The man finally allows me to go out. I save myself while wishing him good luck in his work as a proletarian that I know only too well. When I get out, I tell Rebecca Vincent that I will not come back in the afternoon and that she can take my place. She is happy and that seems fair to me too.
My Polish colleague goes out for the lunch break and tells me that she was able to see Assange again through the slatted door of room 10. Jenifer Robinson in her scarlet red dress was explaining something to him with forceful gestures. Julian Assange smiled at her but did not seem convinced. Had he decided to revolt again?
The next day we were early in the Warwick Passage but Jamie and Sandra slept on cardboard boxes in front of the door and preceded us, very satisfied. But they made these efforts for nothing because at 10 am the trial is adjourned for 11:30 am. At noon the sessions of Thursday, September 10 and Friday, September 11 are cancelled. The covid is obviously found guilty but I wonder if Julian Assange, encouraged by our presence, has not yet sounded the revolt.
The time for revolt is more than necessary.
Extract from the request for release sent by Wikijustice Julian Assange to British and American parliamentarians
Julian Assange is being judged in a court that does not depend on the Ministry of Justice of Great Britain, but in a private place belonging to an enclave that is legally independent of Great Britain as a state and has no diplomatic link with the United States because the City of London Corporation, as a corporation, guild, association of businessmen is not a subject of international law and therefore cannot sign treaties with states. The extradition treaty of 2003 between Great Britain and the United States does not apply to this territory and cannot serve as a legal basis for the meeting that will take place from September 7, 2020 between Julian Assange and those who hold him captive and want to decide his fate.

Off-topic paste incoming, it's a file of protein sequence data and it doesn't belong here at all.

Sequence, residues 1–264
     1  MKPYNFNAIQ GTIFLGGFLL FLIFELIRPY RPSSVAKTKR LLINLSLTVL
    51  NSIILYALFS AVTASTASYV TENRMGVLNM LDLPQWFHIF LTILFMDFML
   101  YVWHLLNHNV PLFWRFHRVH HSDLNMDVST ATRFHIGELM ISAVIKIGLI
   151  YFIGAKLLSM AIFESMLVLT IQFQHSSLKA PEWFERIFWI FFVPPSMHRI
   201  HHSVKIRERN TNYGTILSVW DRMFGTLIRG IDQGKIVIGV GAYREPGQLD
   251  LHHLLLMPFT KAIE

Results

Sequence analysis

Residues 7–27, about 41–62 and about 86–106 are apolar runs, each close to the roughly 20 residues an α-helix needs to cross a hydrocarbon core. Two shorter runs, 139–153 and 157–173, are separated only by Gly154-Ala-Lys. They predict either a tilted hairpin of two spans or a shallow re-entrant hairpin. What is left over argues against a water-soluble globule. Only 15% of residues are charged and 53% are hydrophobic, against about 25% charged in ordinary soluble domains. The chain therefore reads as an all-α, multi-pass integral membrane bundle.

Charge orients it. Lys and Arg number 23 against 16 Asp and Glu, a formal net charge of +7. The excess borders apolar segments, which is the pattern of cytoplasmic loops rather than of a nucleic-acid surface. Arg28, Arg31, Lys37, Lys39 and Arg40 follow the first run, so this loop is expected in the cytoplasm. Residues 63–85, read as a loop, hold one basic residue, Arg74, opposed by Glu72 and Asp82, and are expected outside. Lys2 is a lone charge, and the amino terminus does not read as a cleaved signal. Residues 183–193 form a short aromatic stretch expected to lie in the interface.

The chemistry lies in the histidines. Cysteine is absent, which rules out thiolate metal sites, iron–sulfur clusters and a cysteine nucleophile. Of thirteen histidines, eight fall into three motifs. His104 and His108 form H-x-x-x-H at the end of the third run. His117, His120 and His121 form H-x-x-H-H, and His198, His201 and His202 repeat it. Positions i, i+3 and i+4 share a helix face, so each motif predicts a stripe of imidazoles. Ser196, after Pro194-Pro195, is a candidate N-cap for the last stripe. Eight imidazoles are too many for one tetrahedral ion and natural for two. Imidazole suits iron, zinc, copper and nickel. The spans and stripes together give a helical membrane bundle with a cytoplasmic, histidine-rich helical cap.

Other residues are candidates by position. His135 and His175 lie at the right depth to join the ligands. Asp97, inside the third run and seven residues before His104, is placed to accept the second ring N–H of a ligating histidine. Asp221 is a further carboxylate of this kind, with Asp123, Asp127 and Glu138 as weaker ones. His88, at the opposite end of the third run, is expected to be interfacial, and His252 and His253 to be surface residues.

Consequently, since the extradition request from the United States does not apply to this territory and cannot be processed in the private building that is the Old Bailey, Julian Assange must be considered on the territory of the City of London as a hostage and immediately returned to his dignity as a free man.
Moreover, the bankers and businessmen who own this building and manage this territory have no right to judge a man Julian Assange because they are not judges in the legal system of Great Britain. Moreover, their private interests are linked to large American, Chinese and British companies. Justice under their responsibility can only be tainted by bias. In no case can they be the guarantors of a fair trial. No private institution has the right to judge a man. It is the prerogative of sovereign states which must respect the Universal Declaration of Human Rights. Private institutions must be subject to the Law of States and respect the internal laws of each country. The City of London Corporation is an anomaly in the system of international law and has no right to usurp the prerogatives of sovereign states. Therefore, we consider that Julian Assange is not a prisoner in Great Britain awaiting extradition by the United States, but a hostage of a private organization, the City of London Corporation. An organization that holds a prisoner is a criminal organization and must be prosecuted. We call on the sovereign states to prosecute the City of London Corporation, of which Julian Assange is a hostage, so that Julian Assange may be released from this illegal c